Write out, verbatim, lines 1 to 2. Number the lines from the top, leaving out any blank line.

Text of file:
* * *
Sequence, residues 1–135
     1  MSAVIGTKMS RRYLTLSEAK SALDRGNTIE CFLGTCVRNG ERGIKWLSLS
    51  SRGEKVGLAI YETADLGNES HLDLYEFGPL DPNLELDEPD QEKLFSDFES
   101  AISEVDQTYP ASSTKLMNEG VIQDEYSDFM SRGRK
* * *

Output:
Sequence, residues 1–135
     1  MSAVIGTKMS RRYLTLSEAK SALDRGNTIE CFLGTCVRNG ERGIKWLSLS